Governor Snyder’s office withdrew its offer to turn Belle Isle into a state park and lease it from the city of Detroit after the Detroit City Council decided not to take a vote on the measure Monday afternoon. The reaction online was swift and mostly against the city council’s decision.
The lease was viewed by supporters as an opportunity to get the Belle Isle’s expenses off the city’s books and redirect that money to other parks or services as well as have access to funds for greater improvements.
Many opponents considered it a land and job grab, and others believed the deal was bad because they felt there were no solid guarantees the island, designed by the same person who designed Central Park, would get improvements.
Our own Jerome Espy was at the final public hearing. The reaction from the attendees there was strong. He observed about three quarters of the people at that hearing were against the lease deal.
But another survey by The Detroit News showed more than 60% of Detroit residents supported Belle Isle becoming a state park.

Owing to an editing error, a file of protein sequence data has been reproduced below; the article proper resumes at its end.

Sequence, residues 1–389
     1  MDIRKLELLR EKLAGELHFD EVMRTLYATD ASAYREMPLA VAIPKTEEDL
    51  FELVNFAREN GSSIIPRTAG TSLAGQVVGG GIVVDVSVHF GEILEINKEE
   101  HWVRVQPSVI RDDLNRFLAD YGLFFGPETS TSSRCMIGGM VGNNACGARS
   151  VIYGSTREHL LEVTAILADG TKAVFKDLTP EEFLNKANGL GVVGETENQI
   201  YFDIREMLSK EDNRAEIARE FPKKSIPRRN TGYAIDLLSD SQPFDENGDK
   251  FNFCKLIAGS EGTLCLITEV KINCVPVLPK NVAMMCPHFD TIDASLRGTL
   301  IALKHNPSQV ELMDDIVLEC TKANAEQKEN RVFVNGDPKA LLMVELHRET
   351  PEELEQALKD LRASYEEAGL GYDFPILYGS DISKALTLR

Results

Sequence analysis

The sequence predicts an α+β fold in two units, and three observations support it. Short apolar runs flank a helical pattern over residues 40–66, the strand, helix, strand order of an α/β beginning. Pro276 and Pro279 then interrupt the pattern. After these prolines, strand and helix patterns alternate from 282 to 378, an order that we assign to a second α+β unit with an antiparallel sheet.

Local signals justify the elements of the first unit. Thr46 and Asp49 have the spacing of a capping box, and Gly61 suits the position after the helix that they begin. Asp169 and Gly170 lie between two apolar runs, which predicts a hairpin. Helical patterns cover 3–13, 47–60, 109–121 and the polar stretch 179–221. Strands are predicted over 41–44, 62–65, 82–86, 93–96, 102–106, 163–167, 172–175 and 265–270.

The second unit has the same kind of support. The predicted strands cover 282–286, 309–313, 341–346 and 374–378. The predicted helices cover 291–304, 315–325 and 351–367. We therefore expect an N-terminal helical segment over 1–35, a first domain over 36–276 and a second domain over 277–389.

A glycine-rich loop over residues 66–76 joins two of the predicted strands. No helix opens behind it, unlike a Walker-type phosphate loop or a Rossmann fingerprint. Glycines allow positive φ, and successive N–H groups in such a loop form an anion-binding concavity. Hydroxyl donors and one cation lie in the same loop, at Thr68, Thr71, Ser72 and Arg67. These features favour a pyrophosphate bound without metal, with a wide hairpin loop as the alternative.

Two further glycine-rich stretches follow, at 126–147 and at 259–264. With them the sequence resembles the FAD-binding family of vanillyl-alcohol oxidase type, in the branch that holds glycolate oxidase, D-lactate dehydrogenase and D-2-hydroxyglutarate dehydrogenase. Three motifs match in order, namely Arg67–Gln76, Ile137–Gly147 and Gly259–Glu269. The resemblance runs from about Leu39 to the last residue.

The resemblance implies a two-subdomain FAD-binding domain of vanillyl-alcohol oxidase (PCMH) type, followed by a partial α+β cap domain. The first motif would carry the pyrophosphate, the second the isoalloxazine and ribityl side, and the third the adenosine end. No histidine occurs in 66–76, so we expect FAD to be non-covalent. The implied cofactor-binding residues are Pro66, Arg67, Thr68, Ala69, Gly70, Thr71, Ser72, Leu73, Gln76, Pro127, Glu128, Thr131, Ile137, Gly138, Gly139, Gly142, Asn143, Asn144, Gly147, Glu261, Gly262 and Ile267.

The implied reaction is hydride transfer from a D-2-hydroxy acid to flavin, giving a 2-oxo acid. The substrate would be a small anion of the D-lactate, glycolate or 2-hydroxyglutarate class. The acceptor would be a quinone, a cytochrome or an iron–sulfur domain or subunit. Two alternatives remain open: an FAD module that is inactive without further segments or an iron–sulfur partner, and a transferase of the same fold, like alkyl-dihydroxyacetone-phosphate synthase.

When it came to social media, the backlash against council was fierce. It was a stream of mostly disappointment and anger, as “Belle Isle” became a locally trending topic on the social media service Twitter around the time of the city council meeting and subsequent withdrawal by the Governor’s office.
The definition of insanity is doing the same thing over and over again and expecting different results. That “same thing” happened over again when it came to the Belle Isle proposed lease … playing on divisiveness, fear, uncertainty and doubt and rarely publicly discussing the actual contents of what was on the table … and we got the same results.
Mayor Bing says there may be more cuts that would “negatively impact” the city parks in the wake of the council decision and state offer withdrawal. The Belle Isle lease was also one of the 27 items in the consent agreement signed by the city and the state last April.
According to the Detroit Free Press, council President Charles Pugh said he could not support the state lease and he hoped the attention paid to Belle Isle could renew city efforts to fix up the park in cooperation with nonprofit groups such as the Friends of Belle Isle or the Detroit RiverFront Conservancy.
However, Belle Isle becoming a state park may not, in the end, be a totally dead issue. Deadline Detroit’s Bill McGraw posts that it’s just a matter of time until the state is running Belle Isle due to the financial collapse of city government.
The reaction on Twitter chastising the Detroit City Council was strong and overwhelmingly for the lease deal, which the state withdrew. Here’s a sampling on our Storify.